Outlying fields is the definition on wetlands and stream embankments where grass was cut and used as winter feed. Also the reed in lakes was used. This grass was not placed in hay barns, but hung in winter hayracks and collected during the winter. Two poles were placed in the ground, and two more about three meters away. Branches of goat willow were tied between the poles and rods were fastened to the branches. The grass was first dried on the ground, and then hung on the hayrack. Another rod was placed on top of the rack to keep it all in place.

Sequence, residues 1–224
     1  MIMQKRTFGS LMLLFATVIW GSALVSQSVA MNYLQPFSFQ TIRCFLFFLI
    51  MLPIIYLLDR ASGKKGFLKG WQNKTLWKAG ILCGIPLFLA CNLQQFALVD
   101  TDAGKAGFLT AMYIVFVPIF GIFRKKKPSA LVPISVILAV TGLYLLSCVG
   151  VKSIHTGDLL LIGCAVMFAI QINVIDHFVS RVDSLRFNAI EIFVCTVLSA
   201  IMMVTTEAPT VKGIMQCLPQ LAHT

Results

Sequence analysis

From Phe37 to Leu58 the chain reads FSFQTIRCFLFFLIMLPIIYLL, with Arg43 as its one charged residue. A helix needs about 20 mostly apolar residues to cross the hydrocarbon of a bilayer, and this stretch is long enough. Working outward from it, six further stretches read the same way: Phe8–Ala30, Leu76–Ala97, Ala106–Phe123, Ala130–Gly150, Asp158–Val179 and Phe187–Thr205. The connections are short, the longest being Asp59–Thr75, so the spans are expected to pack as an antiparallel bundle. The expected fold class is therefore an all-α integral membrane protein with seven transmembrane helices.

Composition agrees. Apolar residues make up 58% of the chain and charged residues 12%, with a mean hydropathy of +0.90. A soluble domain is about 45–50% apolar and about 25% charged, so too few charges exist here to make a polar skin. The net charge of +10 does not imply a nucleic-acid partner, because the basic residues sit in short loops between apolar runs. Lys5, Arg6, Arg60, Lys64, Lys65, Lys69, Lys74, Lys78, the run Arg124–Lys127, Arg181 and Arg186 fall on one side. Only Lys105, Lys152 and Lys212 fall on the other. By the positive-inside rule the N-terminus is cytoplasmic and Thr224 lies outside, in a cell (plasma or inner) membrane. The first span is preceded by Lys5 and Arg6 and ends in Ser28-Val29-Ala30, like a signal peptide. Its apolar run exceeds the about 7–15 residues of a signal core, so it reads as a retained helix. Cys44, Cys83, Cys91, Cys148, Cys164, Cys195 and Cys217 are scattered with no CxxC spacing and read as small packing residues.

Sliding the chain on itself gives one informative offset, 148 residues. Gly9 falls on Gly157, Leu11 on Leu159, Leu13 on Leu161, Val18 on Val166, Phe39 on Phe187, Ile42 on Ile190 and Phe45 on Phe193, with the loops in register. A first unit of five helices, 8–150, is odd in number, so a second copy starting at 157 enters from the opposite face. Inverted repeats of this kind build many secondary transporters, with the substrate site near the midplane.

Blokka is the name of the bay at the west side of Blokkodden. Along the shores grows rough horsetail, a type of reed the farms nearby harvested and used as animal feed. The rough horsetail was dried and hung in winter hayracks, ready to be transported to the farm in winter. Other places, the grass was hung in thick layers, without any drying on the ground. Feed that was hung in hayracks in this manner was usually grass from outlying fields and wetlands.